<< -- 2 -- Bill Newman THE DESIGNER TOUCH
'Finally, I got my dates and deadlines. One opera per month to research, and think about the thing! Fabric swatches, and no time for models, which took a month anyway. I had to hire a research person, because I just didn't have the time. We were in Salzburg, in a big house and a room on the top floor. I took my records and record player, my paint and all my cigarettes, and went into the attic for six weeks. Then I went to London. Four months at the Westbury Hotel, where the artist rate was 4.60 a night. In a big back room I had banqueting tables, drawing tables, hi-fi. Maybe I had given up smoking, but I just worked away. I hired a girl student from the Victoria and Albert Museum to do research work for me. The hall porters were so sweet, asking whether I had recently been outside, taken a walk, checking that I was still alright. I had to deliver a package to Panton Street every month. I went to Australia on "Ricky" trips, and everyone told me not to get wool for my costumes, as it was very expensive. There, I met the people I was going to work with.
'Away for the whole winter, I got the job in August 1964. I delivered one opera a month, and the last was finished while I was still in Australia. I'd never painted a mountain before, and I was very traditional. Around my neck I wore a chain with a key for the theatre, and I had one free day during which it poured hard continuously. The chap in the Gents Wardrobe across the hall called me "Dora", and had ladies working for him. He was such a nice guy, and I had an enormous office in Her Majesty's Theatre. Melbourne. I still recall his "Tea's Ready!" and my very long table with seven In and Out trays -- one for each opera. As time passed, I began to have nightmares. Wrong props, drops, flies, because no one had a clue about what belonged to each opera -- they were all so different! In those days I had to draw absolutely every detail. Two opera costumes were made in Sydney, and Faust was the last of our open nights. The costume material had to be stylised from the middle ages, beiges and browns, heavy folds, with bleached head dresses for the ladies. Most of the scenery didn't touch the floor, but just hung. It was very effective, strong and simple. Four different theatres -- Melbourne, Sydney, Brisbane and Adelaide. I only stayed for the last. I'd had enough and left, and it wasn't my problem. They had to be designed so that they would fit. There was no such thing as separate sets.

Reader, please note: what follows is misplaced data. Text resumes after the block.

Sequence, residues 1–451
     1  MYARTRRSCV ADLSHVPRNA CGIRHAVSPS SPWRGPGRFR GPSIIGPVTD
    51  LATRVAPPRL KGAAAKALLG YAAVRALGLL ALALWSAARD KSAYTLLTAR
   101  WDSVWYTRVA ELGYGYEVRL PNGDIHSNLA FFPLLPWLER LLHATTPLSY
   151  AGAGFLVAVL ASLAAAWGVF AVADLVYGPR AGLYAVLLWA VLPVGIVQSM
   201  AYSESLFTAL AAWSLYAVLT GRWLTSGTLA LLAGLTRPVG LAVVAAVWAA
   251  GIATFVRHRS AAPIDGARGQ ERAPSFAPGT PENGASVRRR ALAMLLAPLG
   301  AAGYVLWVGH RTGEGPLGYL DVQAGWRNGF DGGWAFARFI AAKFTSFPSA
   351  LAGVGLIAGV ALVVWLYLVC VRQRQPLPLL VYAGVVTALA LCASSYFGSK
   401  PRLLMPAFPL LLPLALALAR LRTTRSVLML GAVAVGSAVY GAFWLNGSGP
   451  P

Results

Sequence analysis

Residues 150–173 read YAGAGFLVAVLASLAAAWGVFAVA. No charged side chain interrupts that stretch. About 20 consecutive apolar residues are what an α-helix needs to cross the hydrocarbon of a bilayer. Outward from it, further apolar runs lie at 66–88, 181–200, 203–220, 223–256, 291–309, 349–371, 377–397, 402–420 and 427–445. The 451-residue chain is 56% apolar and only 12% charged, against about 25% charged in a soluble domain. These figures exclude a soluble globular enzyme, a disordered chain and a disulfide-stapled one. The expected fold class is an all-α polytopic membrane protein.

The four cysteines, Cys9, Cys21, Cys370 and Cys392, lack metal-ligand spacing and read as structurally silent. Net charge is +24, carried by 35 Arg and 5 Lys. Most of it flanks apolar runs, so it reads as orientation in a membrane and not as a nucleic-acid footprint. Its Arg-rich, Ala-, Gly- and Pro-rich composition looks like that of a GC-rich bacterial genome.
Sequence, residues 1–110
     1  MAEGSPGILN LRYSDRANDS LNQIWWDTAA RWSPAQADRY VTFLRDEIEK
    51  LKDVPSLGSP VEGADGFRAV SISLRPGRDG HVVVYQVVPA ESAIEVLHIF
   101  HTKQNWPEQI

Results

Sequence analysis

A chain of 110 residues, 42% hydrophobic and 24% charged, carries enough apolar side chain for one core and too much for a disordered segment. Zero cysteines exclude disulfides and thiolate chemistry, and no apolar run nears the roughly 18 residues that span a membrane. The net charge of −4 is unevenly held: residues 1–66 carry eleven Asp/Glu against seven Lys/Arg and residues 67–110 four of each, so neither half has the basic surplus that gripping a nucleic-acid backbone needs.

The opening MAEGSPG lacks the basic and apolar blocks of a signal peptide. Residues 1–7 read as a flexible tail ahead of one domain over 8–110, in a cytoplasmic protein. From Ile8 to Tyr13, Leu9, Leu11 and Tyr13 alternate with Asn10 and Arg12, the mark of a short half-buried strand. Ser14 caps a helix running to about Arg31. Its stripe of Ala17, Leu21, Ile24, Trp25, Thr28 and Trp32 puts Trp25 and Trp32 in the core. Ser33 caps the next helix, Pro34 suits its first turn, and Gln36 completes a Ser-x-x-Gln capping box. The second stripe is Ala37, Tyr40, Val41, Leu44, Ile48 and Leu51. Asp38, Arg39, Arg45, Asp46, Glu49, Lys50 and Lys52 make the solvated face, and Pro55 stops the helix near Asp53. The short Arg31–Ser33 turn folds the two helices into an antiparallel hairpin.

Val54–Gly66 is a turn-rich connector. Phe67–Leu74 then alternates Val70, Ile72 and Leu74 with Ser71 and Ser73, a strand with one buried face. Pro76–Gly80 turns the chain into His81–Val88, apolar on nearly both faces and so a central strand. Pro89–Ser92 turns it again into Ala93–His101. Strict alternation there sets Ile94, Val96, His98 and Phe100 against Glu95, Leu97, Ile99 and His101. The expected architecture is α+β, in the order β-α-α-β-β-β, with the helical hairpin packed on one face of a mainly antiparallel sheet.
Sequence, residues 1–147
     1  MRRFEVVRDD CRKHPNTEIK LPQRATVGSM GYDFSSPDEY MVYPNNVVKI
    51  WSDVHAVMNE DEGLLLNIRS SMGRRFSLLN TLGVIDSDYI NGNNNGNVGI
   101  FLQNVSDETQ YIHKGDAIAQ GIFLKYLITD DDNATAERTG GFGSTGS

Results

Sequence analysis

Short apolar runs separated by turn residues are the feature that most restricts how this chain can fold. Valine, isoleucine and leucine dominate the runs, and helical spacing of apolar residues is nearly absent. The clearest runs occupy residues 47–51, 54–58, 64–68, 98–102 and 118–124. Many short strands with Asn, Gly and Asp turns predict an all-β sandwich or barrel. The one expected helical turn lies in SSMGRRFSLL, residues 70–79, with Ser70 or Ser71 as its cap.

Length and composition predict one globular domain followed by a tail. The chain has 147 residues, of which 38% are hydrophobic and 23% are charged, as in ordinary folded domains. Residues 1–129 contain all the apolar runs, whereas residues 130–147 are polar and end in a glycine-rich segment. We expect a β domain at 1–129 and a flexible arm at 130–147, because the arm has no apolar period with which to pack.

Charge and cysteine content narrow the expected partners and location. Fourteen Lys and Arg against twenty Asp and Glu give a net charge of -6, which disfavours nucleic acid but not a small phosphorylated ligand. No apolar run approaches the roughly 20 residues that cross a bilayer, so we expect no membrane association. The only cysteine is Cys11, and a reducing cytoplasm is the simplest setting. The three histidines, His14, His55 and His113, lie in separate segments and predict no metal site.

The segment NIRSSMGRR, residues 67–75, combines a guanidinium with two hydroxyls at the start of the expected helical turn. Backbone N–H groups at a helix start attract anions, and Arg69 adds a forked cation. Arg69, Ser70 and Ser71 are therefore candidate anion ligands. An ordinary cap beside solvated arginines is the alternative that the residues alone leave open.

'The big, burly man who ran the ladies wardrobe on the first floor I didn't like, but we managed. "Why all the hanging scenery? -- Oh, it's the hems", he said. The curtain went up ballerina-like during the dress rehearsal, and all my heavy medieval scenery was ballerina in length! When I picked my heart up off the floor, all I could say was: "But Ricky Bonynge didn't want it to be touching." I say this now as it was some time ago, but I was so angry that I went out slamming the door, Doráti-style. I went up to my hotel and let it all out before returning to the theatre, but I had made up my mind not to have anything more to do with the production. We had all worked together very hard, all the time. They had given me this German who wanted to do it his way, and he had his material which I requested he remove. He was a pain in the xxx -- it was a case of "please don't do that, it is very unprofessional", and I was beside myself ending up working on my own, which I loved. I now phoned two critic colleagues: "What you are going to see is nothing to do with me! Please disassociate me." I was very hurt, and stupid. But I couldn't say a thing, and if I wanted to work for them again they could have done me a lot of harm. I was in a tight corner.
Copyright © 8 April 2006
Bill Newman, Edgware UK